My husband and I are about to become empty nesters. Our youngest is chomping at the bit for her senior year to end so she can move on with her life and begin studying what she wants to learn instead of what the school tells her she must know. Our lives are about to change or shift. During the preparation for this, we have discussed the need to remain where we are. Our son has relocated to Atlanta and now our daughter will be in Nashville. Both are nine or more hours away, though only 3 hours from each other. Being originally from Pennsylvania, and having lived in our current home for over 25 years, I prefer to remain where we are. (I’m one of those “all my life” kinda people. My parents moved into the house I grew up in 3 years before I was born, and we sold it after they both passed 6 years ago.)
This got me thinking about change and choice. My husband and I are discussing if and where we will go, making plans, and weighing the different options together. In days past, decisions were made, and women went. Not saying the wise men did not consult their wives, but it wasn’t required or expected. This led to thinking of our dear Jane. As we see in Sense and Sensibility, she understood what it was to suddenly be uprooted. The Dashwood ladies were at the mercy of family if they wanted to remain in the house they knew as home. Of course, if they had it would not have been like the home they knew. They had the choice to leave, but their prospects were limited.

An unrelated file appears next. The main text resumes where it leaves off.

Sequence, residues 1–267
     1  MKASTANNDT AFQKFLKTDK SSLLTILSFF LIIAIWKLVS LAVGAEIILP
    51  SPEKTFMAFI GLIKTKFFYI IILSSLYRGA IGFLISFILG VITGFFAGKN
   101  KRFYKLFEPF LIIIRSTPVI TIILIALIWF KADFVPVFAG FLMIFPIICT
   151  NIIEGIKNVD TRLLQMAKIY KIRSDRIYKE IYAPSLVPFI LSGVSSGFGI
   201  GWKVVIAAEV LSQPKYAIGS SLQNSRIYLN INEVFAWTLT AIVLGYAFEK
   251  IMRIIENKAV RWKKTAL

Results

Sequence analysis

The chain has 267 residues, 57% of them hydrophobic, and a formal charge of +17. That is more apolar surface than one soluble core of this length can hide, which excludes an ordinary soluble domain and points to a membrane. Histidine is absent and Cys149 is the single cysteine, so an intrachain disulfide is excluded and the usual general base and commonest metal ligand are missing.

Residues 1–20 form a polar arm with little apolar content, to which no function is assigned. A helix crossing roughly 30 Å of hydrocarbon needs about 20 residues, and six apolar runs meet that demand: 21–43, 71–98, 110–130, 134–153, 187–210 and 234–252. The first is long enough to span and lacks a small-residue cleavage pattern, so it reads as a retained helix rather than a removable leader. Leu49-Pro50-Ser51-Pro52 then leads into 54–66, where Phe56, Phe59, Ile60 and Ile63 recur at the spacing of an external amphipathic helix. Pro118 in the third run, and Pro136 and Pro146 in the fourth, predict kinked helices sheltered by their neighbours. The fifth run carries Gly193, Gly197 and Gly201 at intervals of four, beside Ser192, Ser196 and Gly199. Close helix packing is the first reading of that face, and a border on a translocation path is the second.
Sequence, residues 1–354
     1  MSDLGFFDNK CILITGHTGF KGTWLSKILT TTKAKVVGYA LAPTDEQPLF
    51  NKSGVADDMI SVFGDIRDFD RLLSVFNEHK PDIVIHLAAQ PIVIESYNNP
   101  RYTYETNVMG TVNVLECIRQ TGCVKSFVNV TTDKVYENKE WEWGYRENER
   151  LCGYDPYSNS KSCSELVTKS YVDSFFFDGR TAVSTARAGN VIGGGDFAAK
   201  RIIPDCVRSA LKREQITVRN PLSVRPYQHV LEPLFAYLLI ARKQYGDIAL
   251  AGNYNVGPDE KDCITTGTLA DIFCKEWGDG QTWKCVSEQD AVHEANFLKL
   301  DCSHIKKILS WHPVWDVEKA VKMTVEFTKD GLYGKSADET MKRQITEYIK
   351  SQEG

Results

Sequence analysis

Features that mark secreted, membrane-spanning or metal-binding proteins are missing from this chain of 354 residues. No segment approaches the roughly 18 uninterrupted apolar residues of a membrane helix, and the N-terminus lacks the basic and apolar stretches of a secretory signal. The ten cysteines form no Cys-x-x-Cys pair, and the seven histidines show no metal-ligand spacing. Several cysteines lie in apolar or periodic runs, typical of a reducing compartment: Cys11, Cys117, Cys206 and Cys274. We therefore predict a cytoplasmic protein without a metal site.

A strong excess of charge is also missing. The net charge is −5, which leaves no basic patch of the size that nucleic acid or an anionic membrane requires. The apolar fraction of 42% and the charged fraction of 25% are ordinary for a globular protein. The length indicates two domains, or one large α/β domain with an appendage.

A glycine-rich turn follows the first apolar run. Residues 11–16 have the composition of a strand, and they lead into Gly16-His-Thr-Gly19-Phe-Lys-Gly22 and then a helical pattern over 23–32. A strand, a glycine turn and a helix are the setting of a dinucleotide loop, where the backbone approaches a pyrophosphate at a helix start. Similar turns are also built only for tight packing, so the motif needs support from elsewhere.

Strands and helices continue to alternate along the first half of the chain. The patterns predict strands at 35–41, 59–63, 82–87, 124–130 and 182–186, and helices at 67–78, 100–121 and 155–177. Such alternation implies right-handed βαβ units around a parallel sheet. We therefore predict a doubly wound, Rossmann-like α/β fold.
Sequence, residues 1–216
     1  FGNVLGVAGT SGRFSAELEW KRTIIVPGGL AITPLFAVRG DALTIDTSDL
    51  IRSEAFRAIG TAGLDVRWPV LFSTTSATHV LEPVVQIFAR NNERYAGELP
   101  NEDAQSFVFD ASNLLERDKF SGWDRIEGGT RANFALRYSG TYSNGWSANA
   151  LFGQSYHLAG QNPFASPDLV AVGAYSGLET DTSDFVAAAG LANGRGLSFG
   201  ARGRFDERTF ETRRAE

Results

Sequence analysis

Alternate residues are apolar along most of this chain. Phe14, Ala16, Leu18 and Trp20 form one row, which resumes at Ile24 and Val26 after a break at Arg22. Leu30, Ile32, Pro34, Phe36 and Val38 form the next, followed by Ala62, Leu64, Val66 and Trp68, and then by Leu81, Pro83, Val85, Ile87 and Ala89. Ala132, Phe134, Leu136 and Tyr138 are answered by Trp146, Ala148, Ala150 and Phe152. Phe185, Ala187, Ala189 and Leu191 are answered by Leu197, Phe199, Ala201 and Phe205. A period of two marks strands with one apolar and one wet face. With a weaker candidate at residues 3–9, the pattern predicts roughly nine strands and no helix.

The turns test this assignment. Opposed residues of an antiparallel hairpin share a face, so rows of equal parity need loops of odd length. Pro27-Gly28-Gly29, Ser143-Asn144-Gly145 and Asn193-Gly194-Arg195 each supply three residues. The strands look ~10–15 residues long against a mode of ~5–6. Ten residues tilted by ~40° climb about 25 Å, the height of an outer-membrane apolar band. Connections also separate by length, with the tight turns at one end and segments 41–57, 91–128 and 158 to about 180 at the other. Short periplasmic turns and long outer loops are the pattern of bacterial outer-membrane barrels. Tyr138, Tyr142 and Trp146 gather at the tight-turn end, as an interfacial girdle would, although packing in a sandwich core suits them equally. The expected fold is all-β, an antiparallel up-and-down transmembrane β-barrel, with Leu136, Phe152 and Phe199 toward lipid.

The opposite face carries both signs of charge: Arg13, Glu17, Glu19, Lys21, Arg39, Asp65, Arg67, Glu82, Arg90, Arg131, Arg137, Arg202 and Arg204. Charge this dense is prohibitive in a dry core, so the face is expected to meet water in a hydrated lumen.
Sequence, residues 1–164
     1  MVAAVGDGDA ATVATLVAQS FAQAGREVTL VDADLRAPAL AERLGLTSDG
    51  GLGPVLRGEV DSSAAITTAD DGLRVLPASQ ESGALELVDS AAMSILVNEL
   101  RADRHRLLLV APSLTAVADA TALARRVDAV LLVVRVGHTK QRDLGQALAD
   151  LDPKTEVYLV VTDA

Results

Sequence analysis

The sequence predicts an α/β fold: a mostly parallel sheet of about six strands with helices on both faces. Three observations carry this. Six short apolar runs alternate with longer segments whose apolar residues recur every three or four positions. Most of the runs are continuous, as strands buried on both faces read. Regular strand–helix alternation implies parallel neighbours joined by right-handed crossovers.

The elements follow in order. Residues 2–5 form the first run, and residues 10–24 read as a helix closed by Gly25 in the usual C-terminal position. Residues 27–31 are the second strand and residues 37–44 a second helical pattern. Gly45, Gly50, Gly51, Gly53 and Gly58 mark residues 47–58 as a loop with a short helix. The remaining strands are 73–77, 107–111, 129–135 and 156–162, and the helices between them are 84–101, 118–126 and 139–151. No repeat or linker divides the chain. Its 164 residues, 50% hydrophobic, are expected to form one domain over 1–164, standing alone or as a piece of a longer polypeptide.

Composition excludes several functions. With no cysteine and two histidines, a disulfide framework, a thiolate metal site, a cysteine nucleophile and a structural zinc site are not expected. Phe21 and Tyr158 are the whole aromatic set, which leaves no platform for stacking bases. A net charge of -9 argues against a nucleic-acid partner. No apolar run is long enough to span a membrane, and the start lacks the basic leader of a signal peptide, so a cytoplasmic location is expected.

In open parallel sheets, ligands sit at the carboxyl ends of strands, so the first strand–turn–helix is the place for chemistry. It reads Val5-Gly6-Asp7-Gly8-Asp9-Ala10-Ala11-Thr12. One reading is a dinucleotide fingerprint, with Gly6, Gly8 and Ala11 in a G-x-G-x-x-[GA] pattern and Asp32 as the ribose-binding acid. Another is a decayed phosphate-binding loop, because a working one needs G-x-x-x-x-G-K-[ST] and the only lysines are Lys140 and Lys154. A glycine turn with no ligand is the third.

Jane Austen was born and raised in Steventon, but her father rather suddenly decided to retire and relocate to Bath when she was approximately 25 years old. Five years later, following her father’s death, the Austen ladies entered a time of uncertainty. In the next four years, they moved repeatedly between rented quarters and spending time with family. Finally, in her early thirties, Jane, Cassandra, and their mother took up residence in Chawton at the beneficence of her brother, Edward. Here she remained until shortly before her death.
Following Jane Austen’s writings, we see how each of the locations she lived or visited inspired her muse. For a lady of limited means, she is able to show us country settings, the Peak District, Bath, the coast, and London. I can’t imagine living in such uncertainty for so long, but the stories she left behind transport us to those locations, giving us a glimpse of life at that time.
So, we are still undecided of where we will end up, but we continue exploring the possibilities. I hope, should we decide to move, that I am able to follow in Austen’s footsteps and draw inspiration from my surroundings as she did.
Have you moved about or do you prefer to stay securely settled in one place?